I currently lead the service design team at Fannie Mae in Washington, D.C. and am helping to establish their new in-house design capability. In addition to my work in design, I'm also really passionate about strengthening the connection between higher education and industry, and have been heavily involved in campus recruiting, mentoring and public speaking. One of these days, I will find time to start blogging...

 

Further reading, listening, and viewing

 
 
 

"Banking on Happiness" (revised for external audiences) delivered during People + Money at Carnegie Mellon University, February, 2016.

 
 

Professional bio

Jacquelyn is a tireless advocate of human needs and excels at bringing human-centered design solutions to complex, multi-stakeholder service systems. She currently leads the service design team at Fannie Mae in Washington, D.C. and is helping to establish their new in-house design capability.

Leveraging her education in critical theory, cultural policy, critical technology studies, and—at present—transition design, Jacquelyn approaches problem solving with a thoughtful and open mind to welcome new insights, ideas, and opportunities for collaboration with experts, stakeholders, and diverse research populations. Her professional background in cultural policy, technology, business development, and communications strategy also lends itself to her interest in the emerging field of systemic design

“Systemic design is distinguished from service or experience design in terms of scale, social complexity and integration – it is concerned with higher order systems that that entail multiple subsystems. By integrating systems thinking and its methods, systemic design brings human-centered design to complex, multi-stakeholder service systems. It adapts from known design competencies – form and process reasoning, social and generative research methods, and sketching and visualization practices – to describe, map, propose and reconfigure complex services and systems.” — Systemic Design Research Network

Jacquelyn has spent the past eight years working as an experience designer on digital projects for financial services, government contracting, music, film, broadcasting, higher education, and content marketing. Her early work includes brand identity design, responsive Web design, UI design for Web applications, and user research. More recently, she has been engaged in design thinking strategy, workshop facilitation, service design leadership, mobile app design for iOS and Android, the co-creation of a new design development program for entry-level designers, and measuring financial well-being. Jacquelyn has attended workshops on systemic design, visual storytelling, experience mapping, and service blueprinting to further her skills in service design, design strategy, and storytelling.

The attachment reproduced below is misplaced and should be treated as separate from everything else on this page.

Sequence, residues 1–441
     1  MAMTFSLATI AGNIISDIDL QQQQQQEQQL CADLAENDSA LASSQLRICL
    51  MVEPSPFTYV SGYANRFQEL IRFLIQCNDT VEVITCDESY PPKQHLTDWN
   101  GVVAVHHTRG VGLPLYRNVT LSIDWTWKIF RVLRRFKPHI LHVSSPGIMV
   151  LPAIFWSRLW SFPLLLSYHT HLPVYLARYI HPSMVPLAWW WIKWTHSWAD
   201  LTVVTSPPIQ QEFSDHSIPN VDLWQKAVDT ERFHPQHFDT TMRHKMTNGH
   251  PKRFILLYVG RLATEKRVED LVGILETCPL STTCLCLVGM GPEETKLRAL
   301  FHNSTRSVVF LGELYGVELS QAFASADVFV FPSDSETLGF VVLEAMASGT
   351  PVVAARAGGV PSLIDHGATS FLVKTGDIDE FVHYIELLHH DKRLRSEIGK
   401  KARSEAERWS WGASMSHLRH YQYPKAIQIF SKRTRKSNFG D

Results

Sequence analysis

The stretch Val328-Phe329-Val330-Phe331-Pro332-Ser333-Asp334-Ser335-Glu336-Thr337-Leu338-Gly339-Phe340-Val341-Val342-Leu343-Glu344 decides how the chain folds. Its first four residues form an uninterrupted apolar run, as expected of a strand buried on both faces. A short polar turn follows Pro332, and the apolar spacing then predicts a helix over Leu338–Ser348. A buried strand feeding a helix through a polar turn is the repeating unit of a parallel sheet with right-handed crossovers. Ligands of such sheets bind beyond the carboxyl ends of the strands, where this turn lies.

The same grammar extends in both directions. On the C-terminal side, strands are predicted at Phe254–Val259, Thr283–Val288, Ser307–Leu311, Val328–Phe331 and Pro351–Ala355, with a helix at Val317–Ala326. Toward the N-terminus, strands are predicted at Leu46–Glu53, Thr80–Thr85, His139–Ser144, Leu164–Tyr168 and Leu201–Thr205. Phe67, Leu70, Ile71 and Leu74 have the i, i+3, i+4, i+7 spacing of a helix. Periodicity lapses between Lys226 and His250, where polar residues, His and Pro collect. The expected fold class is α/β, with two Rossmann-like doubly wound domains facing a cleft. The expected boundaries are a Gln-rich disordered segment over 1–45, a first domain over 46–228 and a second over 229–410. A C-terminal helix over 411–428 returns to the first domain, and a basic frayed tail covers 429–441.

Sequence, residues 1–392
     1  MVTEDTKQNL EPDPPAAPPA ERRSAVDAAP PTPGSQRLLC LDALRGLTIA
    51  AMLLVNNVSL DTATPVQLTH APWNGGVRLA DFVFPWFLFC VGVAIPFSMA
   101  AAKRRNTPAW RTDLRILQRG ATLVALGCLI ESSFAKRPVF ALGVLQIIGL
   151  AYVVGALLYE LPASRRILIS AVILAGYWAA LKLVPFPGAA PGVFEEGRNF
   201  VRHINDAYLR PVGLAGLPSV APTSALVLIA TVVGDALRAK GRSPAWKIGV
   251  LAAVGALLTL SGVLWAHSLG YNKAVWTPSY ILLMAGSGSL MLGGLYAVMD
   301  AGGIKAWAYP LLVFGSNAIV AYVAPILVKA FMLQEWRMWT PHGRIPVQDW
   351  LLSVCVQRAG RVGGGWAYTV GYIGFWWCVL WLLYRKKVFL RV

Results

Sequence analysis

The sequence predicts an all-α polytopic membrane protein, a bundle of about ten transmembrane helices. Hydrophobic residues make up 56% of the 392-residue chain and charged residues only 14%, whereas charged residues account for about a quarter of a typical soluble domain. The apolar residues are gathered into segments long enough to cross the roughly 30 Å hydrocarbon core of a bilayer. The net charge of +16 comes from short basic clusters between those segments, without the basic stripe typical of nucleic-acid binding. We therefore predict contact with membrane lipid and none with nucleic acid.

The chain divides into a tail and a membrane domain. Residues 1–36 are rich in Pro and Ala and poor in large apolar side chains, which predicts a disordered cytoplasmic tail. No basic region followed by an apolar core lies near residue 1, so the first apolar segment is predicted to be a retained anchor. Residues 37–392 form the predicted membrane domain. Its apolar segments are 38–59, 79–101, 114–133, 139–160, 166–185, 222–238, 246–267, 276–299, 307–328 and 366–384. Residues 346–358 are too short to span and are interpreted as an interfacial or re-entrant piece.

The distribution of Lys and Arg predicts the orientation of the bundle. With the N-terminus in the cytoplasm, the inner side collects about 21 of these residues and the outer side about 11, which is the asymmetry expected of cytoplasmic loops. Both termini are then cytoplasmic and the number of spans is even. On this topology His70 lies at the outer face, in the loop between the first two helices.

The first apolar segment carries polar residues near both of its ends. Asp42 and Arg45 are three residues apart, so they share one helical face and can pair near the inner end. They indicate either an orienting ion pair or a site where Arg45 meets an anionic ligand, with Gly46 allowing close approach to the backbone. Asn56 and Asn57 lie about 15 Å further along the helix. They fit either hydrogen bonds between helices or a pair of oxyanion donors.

She is currently working on her Doctorate of Design (DDes) in Transition Design at Carnegie Mellon University. Transition design recognizes the need for systems-level thinking and participatory design to effectively create solutions that will lead to more sustainable futures. Over the course of the next few years, she hopes to deepen her understanding of positive psychology, organizational design, human resources, employee engagement and development; co-create new ways to understand, evaluate, and reward success; and generate resources for individuals, communities, and organizations to facilitate human-centered organizational change.

In addition to her work in design, Jacquelyn is also really passionate about strengthening the connection between higher education and industry, and has been heavily involved in campus recruiting, mentoring, and public speaking.

Jacquelyn graduated with an Honors B.A. in Communication Studies (Summa Cum Laude) from York University with a focus on cultural policy and critical technology studies, and a B.A. in English from the University of Guelph.